A Proactive Key to Prepare for Retirement

Key to RetirementIn my coaching practice and with the assessments I give, there is an influencing factor that helps clients succeed in their retirement planning and that is the idea of replacement. Think about it, work is much more than a paycheck for most of us. In addition to financial stability, work offers many other rewards like a natural cadence or rhythm to our day, a sense of utility, socialization and, of course, identity.

Once we begin to think about our life beyond work, there is the realization that to meaningfully fill all those hours, it takes some thoughtful analysis related to how we imagine ourselves and what is realistic to achieve our renewed version of “The Good Life”. It doesn’t happen on its own and it certainly isn’t one-size fits all. To get it right for you, it takes some personal reflection, conversations with your significant other or those in your life you trust to be sounding boards, as well as some practice to see if expectations are in line with reality.

I will give you an example. The other day I was going over the Retirement Success Profile with a client in his late 60’s. Once he took this assessment and saw his results he got to work figuring out how many free hours each day he would now have to pursue his interests, hobbies and volunteer work. He calculated 56 hours to parlay into each week and looked at how much time he would ideally like to spend on each activity. We laughed when I asked him where his wife fit into all of this, since he mentioned family as one category and gave it only 8 hours! The point is, he thought about replacements and calculated his numbers and this is his start. With two more years before he fully retires, this first draft schedule will no doubt be modified, but he is on his way to figuring out how to find purpose and meaning during retirement.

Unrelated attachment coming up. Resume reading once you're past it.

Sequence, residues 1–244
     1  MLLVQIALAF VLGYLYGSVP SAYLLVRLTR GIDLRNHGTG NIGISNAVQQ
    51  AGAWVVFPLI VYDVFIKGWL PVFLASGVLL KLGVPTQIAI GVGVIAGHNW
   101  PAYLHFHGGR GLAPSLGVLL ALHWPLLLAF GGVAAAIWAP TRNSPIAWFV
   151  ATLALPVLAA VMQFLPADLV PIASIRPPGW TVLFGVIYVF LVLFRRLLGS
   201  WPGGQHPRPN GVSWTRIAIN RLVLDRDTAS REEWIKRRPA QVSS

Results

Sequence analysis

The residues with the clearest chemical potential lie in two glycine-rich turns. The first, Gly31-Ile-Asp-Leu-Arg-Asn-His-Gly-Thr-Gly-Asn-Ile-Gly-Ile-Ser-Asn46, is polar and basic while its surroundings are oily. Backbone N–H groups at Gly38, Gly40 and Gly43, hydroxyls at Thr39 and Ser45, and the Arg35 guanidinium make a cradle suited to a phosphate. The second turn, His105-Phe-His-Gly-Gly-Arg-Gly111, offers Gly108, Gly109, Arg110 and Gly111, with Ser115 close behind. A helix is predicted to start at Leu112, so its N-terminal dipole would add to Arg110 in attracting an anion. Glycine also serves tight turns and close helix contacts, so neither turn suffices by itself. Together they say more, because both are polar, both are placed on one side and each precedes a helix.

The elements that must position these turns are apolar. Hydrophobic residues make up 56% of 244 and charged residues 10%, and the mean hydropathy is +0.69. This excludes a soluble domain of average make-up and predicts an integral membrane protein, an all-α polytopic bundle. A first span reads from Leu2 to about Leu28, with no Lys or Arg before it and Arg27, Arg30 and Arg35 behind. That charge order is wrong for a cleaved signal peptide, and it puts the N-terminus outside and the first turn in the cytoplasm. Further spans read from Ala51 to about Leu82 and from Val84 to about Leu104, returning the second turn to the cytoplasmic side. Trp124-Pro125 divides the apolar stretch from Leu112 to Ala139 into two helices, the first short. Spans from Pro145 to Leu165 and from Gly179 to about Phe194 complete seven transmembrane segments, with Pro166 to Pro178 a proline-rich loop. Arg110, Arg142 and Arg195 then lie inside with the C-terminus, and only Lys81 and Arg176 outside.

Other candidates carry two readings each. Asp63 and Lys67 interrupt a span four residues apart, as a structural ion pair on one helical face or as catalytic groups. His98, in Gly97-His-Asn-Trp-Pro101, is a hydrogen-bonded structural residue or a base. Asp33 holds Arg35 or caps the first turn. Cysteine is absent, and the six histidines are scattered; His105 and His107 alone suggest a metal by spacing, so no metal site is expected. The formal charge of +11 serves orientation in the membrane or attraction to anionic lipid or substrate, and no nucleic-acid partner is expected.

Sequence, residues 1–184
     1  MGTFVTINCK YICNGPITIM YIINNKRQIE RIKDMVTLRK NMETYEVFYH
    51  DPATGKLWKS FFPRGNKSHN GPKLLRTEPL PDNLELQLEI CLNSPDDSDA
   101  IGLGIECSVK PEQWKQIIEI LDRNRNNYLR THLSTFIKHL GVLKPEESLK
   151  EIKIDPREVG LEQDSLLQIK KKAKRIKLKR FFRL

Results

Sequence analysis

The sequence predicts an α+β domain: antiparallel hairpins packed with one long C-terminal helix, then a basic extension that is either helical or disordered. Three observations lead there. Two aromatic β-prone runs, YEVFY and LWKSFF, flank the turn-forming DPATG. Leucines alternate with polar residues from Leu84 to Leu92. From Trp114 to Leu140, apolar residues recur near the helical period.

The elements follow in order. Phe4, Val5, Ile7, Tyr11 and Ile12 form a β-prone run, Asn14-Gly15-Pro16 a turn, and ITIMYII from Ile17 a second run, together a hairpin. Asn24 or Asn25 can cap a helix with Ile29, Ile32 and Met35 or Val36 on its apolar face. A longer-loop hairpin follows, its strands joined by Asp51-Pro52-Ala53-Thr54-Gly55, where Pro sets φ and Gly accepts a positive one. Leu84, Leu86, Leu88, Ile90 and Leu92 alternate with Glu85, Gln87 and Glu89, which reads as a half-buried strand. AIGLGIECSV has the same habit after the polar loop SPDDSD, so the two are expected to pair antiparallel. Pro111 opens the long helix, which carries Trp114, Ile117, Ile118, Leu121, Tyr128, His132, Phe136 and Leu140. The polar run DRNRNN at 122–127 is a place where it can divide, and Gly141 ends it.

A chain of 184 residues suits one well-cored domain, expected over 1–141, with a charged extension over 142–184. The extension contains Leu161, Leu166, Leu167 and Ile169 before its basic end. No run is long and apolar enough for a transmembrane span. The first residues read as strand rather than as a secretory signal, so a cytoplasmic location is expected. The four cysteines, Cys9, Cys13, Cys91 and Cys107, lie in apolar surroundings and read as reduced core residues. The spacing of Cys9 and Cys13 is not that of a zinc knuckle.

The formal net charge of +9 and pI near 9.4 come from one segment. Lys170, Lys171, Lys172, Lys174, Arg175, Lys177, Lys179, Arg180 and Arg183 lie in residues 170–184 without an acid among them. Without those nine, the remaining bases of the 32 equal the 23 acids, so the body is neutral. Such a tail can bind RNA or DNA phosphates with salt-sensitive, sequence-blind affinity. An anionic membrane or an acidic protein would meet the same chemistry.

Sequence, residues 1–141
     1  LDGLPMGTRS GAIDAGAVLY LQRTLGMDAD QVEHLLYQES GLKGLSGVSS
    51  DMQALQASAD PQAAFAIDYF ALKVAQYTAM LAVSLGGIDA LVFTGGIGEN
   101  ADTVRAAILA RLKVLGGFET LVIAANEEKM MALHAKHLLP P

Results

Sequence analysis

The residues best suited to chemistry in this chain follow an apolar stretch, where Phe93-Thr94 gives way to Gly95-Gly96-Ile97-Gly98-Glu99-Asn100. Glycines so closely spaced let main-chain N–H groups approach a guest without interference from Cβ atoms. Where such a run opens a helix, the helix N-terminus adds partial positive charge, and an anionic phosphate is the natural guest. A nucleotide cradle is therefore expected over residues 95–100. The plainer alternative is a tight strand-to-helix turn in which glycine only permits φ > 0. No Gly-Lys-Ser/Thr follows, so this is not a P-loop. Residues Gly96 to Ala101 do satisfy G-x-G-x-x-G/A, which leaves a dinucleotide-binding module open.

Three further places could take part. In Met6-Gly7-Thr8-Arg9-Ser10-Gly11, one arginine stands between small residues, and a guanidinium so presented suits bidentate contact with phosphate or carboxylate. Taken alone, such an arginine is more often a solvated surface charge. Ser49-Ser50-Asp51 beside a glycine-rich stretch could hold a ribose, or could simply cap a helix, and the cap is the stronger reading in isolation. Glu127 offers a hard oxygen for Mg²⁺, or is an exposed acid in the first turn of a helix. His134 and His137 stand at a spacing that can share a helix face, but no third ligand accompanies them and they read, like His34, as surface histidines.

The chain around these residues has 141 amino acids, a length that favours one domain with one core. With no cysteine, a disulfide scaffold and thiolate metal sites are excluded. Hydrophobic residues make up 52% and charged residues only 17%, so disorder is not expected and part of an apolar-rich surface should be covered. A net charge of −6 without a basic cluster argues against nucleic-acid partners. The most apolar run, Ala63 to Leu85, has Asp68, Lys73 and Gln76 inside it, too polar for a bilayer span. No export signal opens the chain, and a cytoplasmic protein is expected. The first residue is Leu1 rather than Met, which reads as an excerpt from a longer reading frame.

It’s a good exercise to ask yourself: “If I didn’t go to work every day, what would I do?” Contrary to popular lore, retirement isn’t one long vacation. It’s simply a new chapter to adjust to and the transition can be a challenge. Of course in the earliest stages of retirement, most of us just want to decompress and not have a tight schedule. In the short term, this can feel blissful. However, in the long run, we generally crave routine and purpose to our days. Idle errands and an endless to-do list is one way to create structure, but it often doesn’t feel particularly meaningful.

Retirement can be a productive and creative chapter, filled with a new cadence that involves rich relationships, a unique pace to each day, pursuits on your terms and schedule, independence from the day-to-day race of life and deep meaning as you redefine yourself, based on how you use your time, which indeed is the great equalizer and can’t be bought or sold, only lived.

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